Rate cut wouldn’t help Japan economy

TOKYO - Japan’s economy will remain at a standstill over the next few months but cutting interest rates would not give it much support, a hawkish Bank of Japan board member who recently dropped his vote for a rate hike said on Friday.

By (Reuters)

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Published: Fri 25 Jan 2008, 5:20 PM

Last updated: Sun 5 Apr 2015, 12:35 PM

The side effects of a rate cut would need to be fully examined if the central bank were to discuss such a move, Atsushi Mizuno said, adding that current monetary conditions were sufficiently accommodative with rates at 0.5 percent.

‘After experiencing a decade of an ultra-low interest rate policy, the Japanese economy’s sensitivity to interest rates has become low,’ said Mizuno, who until November had been a lone voice at BOJ policy meetings calling for a rate increase.

‘As such, cutting key interest rates would have little effect in providing additional support to the economy,’ Mizuno told Reuters in an interview.

A rise in rates to 0.75 percent by the BOJ had been seen as a done deal until the subprime crisis hit last year.

But with US rates falling and fears of a US recession that would hit Japan’s big exporters, markets are now pricing in a 50 percent chance of a BOJ rate cut this year.

‘The fact the word ’rate cut’ came out from Mizuno, the most hawkish member of the board, suggests that resistance within the BOJ for such move may not be as big as markets think,’ said Naoki Iizuka, senior economist at Mizuho Securities.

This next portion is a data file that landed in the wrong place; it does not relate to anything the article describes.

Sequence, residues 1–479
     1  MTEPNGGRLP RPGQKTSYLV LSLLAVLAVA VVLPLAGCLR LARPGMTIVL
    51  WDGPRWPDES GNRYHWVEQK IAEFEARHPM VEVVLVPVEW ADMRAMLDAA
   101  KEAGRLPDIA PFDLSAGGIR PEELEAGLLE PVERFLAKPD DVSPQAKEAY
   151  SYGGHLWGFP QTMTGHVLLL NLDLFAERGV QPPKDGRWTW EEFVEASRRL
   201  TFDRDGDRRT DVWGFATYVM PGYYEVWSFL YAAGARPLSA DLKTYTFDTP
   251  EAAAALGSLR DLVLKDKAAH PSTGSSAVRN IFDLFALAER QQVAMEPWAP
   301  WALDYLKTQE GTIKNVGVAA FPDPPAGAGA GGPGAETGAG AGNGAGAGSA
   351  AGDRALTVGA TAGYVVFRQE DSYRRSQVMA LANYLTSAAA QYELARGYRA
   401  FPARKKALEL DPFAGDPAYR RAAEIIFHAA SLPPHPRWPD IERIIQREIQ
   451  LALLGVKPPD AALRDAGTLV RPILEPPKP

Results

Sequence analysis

‘A rate cut could be an option, although the BOJ would not go further as to bring rates back to zero as that would come with a heavy cost, one being putting to death money market functions.’

Mizuno, a former bond strategist, was cautious about the outlook, saying that a recession is not on the horizon but Japan’s economy was expected to remain at a standstill for the next two to three months.

A sharper-than-expected fall in Japanese housing investment, blamed on tighter building regulations adopted last June, and rising raw material costs had increased the need to examine whether the nation’s positive economic cycle was still functioning, Mizuno said.

Mizuno, who worked at Nomura Securities and Deutsche Securities before joining the BOJ, said such domestic risk factors, rather than overseas developments, were behind his decision in December to drop a proposal he had pursued since July to raise rates.

The US slowdown would not be too deep, but the key question was how fast it would recover later this year, Mizuno said.

‘I cannot deny the possibility of an L-shaped recovery in which the US economy does not recover to around potential growth until 2009, if the US financial and household sectors go through serious balance-sheet adjustments,’ he said.

But he was confident that the global economy could still achieve around 4 percent growth this year, led by strength in emerging economies.

The policy direction should still be to hike, not cut, rates toward more normal levels, Mizuno said, adding that he would consider the need for a rate hike if data in the coming months heightened chances the economy would resume a gradual expansion.

Mizuno said stock and foreign exchange markets warranted a close watch in guiding monetary policy as market volatility, if sustained, could hurt sentiment and affect the economy.

But market moves alone would not lead to a monetary policy shift, he said, stressing that the BOJ would take a comprehensive view on how they would affect the economy in making a rate decision.

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